A little over 48 hours ago the Spring National ended, scores were tabulated, and my predictions in a previous article were either right on the spot, or way off. Let’s see how well I did…
Drum Roll Please
The Winner of the 125th National Skirmish Musket Team Match is: The 110th Ohio Volunteer Infantry!
I didn’t count these red-shirted devils out, did you?
In my mind, this team has been a favorite to win every National musket match for the last 10 years. It took some time, their last Class A-1 Musket Team win was in May of 2010, but they are back, beating the second place team by just 2.2 seconds!
According to my calculator, the 110th finished this musket match 64 seconds faster than they did last October at the 124th National. An impressive feat.
To accomplish this feat, the 110th had the overall fastest time on the Clay Board, finishing off the 32 targets in just 119.2 seconds, giving them an early lead in a match that they would never concede.
The 110th finished the match in a total of 407.7 seconds. A National musket match has 90 targets in 5 events. In what may seem like a meaningless number, this produces a team target hit time of 4.53 seconds (407.7/90) and that’s faster than say… a rhino with his tail on fire…
Okay, maybe not the best analogy. I’ll have to work on that…
This marks the 15th time the 110th Ohio has been awarded a Gold Medal for their performance in a National A-1 Musket Team Match, and I’d bet, it’s not the last.
Who came in Second? It’s the defending Gold Medal winners, the 8th Regiment Virginia Volunteer Infantry, a real disappointment since the 8th finished faster than the 110th Ohio in 3 of the 5 events!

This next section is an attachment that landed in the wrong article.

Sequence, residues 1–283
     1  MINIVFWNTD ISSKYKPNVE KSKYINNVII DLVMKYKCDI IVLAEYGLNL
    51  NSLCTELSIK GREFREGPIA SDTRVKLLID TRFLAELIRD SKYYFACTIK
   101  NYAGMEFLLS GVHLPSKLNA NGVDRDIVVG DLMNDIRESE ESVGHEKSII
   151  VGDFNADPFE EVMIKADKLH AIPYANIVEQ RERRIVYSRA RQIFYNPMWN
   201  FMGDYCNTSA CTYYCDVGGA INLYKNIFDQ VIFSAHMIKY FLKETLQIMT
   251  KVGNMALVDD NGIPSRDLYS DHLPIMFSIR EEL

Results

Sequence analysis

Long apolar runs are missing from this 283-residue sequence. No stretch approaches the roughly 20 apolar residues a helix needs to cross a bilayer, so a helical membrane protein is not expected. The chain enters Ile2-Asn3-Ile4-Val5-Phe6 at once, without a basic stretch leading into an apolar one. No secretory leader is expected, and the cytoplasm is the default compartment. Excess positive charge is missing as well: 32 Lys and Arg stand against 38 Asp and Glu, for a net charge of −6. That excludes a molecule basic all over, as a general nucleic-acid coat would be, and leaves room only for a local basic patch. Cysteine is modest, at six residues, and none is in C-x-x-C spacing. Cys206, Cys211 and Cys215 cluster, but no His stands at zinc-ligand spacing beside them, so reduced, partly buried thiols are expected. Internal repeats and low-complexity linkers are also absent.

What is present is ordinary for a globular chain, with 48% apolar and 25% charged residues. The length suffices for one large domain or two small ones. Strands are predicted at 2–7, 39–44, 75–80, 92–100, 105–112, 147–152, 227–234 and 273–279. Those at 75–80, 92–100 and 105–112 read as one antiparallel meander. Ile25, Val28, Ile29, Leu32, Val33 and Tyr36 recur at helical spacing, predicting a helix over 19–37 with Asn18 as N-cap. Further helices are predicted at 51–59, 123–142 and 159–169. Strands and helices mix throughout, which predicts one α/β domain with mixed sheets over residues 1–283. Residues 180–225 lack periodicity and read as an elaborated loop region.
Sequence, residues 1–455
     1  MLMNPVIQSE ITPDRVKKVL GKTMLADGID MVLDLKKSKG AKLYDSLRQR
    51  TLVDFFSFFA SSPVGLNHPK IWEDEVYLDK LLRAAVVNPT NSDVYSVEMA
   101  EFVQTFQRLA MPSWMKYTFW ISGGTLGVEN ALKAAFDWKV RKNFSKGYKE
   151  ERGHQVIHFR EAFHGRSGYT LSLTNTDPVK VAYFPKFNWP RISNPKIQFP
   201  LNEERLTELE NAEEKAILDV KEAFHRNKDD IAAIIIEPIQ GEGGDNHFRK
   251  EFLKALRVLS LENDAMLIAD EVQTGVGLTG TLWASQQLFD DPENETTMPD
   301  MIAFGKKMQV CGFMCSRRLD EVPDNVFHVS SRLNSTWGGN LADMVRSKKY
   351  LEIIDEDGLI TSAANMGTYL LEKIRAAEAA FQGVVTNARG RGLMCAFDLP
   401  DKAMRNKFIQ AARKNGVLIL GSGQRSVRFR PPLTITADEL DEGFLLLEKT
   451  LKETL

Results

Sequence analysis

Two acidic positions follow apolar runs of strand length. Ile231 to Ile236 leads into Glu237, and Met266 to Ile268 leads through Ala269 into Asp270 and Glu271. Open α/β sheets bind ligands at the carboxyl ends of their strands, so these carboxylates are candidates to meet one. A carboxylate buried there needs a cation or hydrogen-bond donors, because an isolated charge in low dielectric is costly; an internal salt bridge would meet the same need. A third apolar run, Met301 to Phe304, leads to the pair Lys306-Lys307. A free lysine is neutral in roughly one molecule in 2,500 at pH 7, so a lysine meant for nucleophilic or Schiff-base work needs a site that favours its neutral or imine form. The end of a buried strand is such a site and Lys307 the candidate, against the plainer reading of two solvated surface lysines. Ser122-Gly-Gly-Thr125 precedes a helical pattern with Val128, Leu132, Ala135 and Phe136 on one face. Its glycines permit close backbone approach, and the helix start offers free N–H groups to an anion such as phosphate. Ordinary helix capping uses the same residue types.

Sorry, no repeat for this team at this National.
To make this further disappointing, the 8th finished this match 13.5 seconds faster then they did at the last National when they were Champions. This shows that the team has improved since last year, but the 110th improved much more…
Looking at the stats, the 110th was clearly better at breaking clays at this match, and the 8th was better at breaking the other targets, just not as “better” as the 110th was. (Okay Grammar Police, I see you looking at me!)
Remainder of the Top 5
3rd Place went to the 17th Virginia Infantry, 4th went to the 149th Pennsylvania Volunteer Infantry, and 5th was awarded to the Dismal Swamp Rangers.
The top 5 teams were separated by just 50.3 total seconds compared to a spread of 48.3 seconds last October, but these scores were nearly 16 seconds faster on average than last fall.
From this small sample of top teams I think it’s safe to say that the Top Teams shot better at this National, versus last Fall National.
Other Finishes of Note
As previously mentioned, the 110th had the fastest Clays on a Backer score of the match, just 119.2 seconds.
In addition, the 17th Virginia finished the 16 Tiles event in just 50.6 seconds, nearly 6 seconds faster than any other team.
The fastest 16 Hanging Clay breakers were the Nanesmond Guard with a time of 56.3 who finished 10th overall.
You Think That’s Fast?
The Washington Blue Rifles blasted 16 Pot Tiles in only 86.2 seconds, and finished 8th overall, but amazingly they were beaten by more than 38 seconds in this event by Chartiers Vally Guard with an blazing time of 48.0 seconds in this event. That’s a team hit time of 3.00 seconds.
By comparison, the 110th Ohio finished the Pot Tiles in 98.2 seconds, more than double the time put up by the CVG. However, the Guard finished the match in 24th place.
And finally, the “Holy %#@!” award goes to the 149th Pennsylvania, they broke 10 Tiles hung at 100 yards in only (get this) 30.6 seconds. That’s a whole 26.1 seconds faster than any other team! It’s a team hit time of 3.06 seconds!
If you doubled the 149th’s 100 yard event time to 61.2 seconds this team would still beat the 110th Ohio by 0.2 seconds in this event!
Can you say WOW!
For My Next Trick
Now that that’s over, and I’ve smoked my solar powered calculator, by show of hands, how many readers would like me to do a Carbine Team stats review?
You’re going to have to raise them higher, I can’t see them!
Okay, another bad idea, my handlers are telling me that I couldn’t see your raised hands if I wanted to, so you can put them back down… I guess.
Just post your comments below and let me know what you think.
PS: Come back again tomorrow, I’ll have yet another article about the 125 National Skirmish ready for you to check out!